Category : Nature & Life
Heat stroke (also known as heatstroke, sun stroke or sunstroke) is a severe heat illness, defined as hyperthermia with a body temperature greater than 40.6 °C (105.1 °F) due to environmental heat exposure with lack of thermoregulation. Heat Stroke can occurs as a progression of mild symptoms of the heat related sickness such as heat cramps and heat exhaustion. It can cause damage to internal organs including the brain. Although heat stroke mainly affects people who are above 60 years of age. It can also affect healthy young people.
In combination with dehydration, heat strokes results from prolonged exposure to high temperature, which leads to failure of body’s temperature control system. The common symptoms of heat stroke include vomiting, nausea, seizures, disorientation and convulsions, and at times unconsciousness which may also lead to a coma. If you come across any person suffering from heat stroke, immediately provide first aid until the victim is taken to the nearest hospital.
The most common symptoms is that the core body temperature will be above 105 degree Fahrenheit. But fainting may be the first sign.
- Agonizing headache
- Red, hot and dry skin
- Shallow breathing
- Behavioural changes such as staggering
- Muscle weakness
- Headedness and dizziness
- Rapid heartbeat which may be too weak or strong
- Nausea followed by vomiting
Risk Factor For Heat Stroke
Heat stroke is most likely to affect older people over 60 years of age, who live in homes lacking of air conditioning or good air flow. Other high risk groups include people of any age who do not drink enough water.
The risk of heat related sickness increases as the heat index climbs beyond 32 degree Celsius. So ensure to check the weather report and also remember not to expose yourself to direct sunlight when the sun is hot over the head.
Those who live in an urban area, especially prone to develop heat stroke during a prolonged heat wave should be extra cautious.
Age- Infants and kids up to 5 year of age and adults over the age of 60 years are particularly
vulnerable as they are slower to adjust to heat than other people.
Medications- it include diet pills, antihistamines, anticonvulsants, beta-blockers and
vasoconstrictors. Drug abuse such as cocaine and methamphetamine also increases the risk of heat strokes.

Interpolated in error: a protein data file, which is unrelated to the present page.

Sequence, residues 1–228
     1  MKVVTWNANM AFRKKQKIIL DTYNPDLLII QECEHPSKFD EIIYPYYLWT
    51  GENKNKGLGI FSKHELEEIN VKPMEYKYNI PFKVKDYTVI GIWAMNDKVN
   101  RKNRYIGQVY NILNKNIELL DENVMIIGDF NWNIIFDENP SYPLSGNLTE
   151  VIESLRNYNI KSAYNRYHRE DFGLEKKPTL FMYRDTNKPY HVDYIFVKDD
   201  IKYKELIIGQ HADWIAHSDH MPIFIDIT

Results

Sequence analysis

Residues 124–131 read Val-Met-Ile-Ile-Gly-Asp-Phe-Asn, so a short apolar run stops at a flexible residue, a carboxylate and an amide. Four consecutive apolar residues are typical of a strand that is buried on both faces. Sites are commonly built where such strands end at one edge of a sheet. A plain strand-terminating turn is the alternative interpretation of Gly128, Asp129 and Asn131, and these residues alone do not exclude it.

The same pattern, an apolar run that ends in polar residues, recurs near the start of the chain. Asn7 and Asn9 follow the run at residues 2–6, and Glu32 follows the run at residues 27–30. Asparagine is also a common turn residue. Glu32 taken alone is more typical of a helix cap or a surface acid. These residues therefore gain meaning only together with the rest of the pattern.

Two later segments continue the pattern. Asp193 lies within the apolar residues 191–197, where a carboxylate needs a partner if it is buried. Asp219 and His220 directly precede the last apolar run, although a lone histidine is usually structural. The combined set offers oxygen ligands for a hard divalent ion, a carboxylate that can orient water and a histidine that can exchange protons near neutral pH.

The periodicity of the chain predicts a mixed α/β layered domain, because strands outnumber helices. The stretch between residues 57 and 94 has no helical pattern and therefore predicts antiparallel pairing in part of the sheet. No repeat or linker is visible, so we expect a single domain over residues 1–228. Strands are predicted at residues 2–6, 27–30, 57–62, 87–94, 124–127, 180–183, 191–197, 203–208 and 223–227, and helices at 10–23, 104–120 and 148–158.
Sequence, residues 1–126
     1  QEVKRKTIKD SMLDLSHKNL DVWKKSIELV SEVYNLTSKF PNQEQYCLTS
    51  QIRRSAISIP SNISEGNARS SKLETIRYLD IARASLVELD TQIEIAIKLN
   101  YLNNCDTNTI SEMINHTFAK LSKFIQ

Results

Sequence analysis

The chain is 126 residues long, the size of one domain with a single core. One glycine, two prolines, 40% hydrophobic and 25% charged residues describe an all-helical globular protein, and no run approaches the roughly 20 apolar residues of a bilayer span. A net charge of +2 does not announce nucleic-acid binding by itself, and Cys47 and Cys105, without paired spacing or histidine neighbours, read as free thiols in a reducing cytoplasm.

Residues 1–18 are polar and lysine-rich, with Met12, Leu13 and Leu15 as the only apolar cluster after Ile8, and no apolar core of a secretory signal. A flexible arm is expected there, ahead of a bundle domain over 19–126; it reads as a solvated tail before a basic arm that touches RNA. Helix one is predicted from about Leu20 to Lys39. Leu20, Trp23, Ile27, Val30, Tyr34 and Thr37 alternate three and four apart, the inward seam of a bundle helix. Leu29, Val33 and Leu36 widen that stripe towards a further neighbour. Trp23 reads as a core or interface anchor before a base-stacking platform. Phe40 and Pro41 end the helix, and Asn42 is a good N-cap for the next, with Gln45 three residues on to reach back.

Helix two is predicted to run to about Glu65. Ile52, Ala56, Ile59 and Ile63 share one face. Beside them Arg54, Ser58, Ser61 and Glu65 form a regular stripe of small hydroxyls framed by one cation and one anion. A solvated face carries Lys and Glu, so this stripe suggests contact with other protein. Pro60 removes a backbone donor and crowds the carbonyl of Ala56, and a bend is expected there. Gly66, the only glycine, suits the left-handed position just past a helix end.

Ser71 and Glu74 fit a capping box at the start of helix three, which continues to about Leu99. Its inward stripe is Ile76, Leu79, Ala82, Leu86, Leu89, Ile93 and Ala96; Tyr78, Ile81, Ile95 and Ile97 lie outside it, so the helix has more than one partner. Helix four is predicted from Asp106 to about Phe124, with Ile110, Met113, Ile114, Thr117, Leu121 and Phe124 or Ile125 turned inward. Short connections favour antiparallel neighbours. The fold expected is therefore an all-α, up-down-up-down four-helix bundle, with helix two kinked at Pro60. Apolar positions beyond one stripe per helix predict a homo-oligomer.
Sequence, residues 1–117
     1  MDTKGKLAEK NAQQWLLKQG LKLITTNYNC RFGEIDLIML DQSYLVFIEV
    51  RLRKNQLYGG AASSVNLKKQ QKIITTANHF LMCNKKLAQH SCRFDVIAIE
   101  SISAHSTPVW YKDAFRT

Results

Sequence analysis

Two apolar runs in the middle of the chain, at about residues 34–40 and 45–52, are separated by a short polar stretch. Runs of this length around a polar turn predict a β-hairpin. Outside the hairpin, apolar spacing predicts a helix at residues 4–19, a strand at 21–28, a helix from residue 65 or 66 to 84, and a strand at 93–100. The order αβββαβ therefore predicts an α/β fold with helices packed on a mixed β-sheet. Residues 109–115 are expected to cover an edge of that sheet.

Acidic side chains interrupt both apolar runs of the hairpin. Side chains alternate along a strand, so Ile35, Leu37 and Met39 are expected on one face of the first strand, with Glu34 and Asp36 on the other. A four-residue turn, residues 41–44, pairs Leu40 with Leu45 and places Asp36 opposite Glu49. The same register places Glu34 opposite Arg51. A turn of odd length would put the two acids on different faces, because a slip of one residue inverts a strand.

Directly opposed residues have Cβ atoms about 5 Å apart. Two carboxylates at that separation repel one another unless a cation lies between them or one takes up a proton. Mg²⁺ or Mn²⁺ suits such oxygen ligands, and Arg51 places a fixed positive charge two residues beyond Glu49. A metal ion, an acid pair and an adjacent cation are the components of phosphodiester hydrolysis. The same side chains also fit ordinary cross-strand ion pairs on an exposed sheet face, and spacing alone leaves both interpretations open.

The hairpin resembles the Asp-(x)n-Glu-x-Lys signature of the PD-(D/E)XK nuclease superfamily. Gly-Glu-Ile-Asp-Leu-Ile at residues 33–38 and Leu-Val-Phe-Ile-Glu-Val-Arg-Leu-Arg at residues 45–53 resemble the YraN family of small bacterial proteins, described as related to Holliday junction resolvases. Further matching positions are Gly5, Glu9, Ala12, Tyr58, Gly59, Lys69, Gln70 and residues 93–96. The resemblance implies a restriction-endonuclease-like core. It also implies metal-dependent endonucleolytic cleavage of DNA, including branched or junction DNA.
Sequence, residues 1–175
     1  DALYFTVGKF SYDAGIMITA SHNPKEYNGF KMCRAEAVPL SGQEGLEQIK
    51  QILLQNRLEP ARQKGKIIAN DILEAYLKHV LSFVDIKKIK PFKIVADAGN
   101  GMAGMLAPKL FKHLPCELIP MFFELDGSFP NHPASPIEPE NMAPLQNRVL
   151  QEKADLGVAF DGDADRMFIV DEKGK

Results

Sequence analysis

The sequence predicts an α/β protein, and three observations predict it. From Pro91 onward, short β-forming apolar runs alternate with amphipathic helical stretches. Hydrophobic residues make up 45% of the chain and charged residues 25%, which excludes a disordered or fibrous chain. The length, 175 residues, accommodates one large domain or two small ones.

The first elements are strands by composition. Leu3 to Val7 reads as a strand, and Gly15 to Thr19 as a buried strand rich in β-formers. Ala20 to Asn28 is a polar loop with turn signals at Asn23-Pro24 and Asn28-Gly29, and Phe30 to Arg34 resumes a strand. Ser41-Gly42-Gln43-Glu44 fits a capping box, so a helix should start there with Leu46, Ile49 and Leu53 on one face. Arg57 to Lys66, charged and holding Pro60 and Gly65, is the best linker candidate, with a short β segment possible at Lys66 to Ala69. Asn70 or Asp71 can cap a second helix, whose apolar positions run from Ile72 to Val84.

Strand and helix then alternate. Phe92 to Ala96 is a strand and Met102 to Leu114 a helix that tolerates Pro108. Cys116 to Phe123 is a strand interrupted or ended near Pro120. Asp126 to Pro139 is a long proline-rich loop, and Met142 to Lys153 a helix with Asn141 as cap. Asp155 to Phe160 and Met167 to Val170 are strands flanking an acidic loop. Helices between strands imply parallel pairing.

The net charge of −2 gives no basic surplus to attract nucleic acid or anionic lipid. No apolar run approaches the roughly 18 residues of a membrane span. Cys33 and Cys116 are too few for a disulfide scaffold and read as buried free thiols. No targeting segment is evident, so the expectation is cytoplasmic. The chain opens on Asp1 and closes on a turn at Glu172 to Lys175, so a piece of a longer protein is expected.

FIRST AID FOR HEAT STROKES
When a person shows the symptoms of heat stroke, immediate medical help is required and any delay in seeking medical help can be fatal. So, before starting any first aid, call ambulance to transport the person to a hospital.
Do not hesitate to initiate the first aid treatment like cooling the body temperature to below 101-102 degree Fahrenheit. Try following methods given below for cooling the body temperature:
- wet the skin with water
- Fan air over the patient
- Apply ice packs to armpits, neck and back as these areas are rich with blood vessels close
to skin,so cooling them may reduce the body temperature
- immerse the patient in a shower or tub of water
When the heat index is high, try to stay in cool environment. But if you have to go outdoor, follow steps given below to prevent heat stroke:
- use sunscreen or sun protection cream
- wear light-coloured cloths. Loose fitting clothes and always wear a hat or carry an
- Drink lots of extra fluids; at least six glasses of water, vegetable juice, fruit juice.
Heat related sickness can also result from depletion of salt, so it is recommended to drink
an electrolyte rich drink during heat and humidity.
- Take extra precautions when exercising or working outdoors. Generally it is recommended to
drink two glasses of fluids, two hours before exercise and another glass of water just before exercise. And during exercise, consume one glass of water every 20 minutes, even if you do not feel thirsty.
- Reschedule outdoor activity. If possible, shift outdoor work to the coolest time of the day, either to early morning or after sunset.